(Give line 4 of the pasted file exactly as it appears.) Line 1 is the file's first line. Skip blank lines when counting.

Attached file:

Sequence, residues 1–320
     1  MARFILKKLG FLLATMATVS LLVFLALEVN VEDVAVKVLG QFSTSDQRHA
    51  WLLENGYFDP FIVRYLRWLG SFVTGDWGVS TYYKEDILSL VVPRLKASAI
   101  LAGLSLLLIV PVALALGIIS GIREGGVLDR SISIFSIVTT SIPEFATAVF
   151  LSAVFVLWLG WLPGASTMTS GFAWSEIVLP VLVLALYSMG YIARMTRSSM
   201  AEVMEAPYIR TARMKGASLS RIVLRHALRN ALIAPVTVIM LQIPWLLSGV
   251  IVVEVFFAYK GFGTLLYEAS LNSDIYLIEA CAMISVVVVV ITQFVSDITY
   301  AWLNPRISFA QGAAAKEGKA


   101  LAGLSLLLIV PVALALGIIS GIREGGVLDR SISIFSIVTT SIPEFATAVF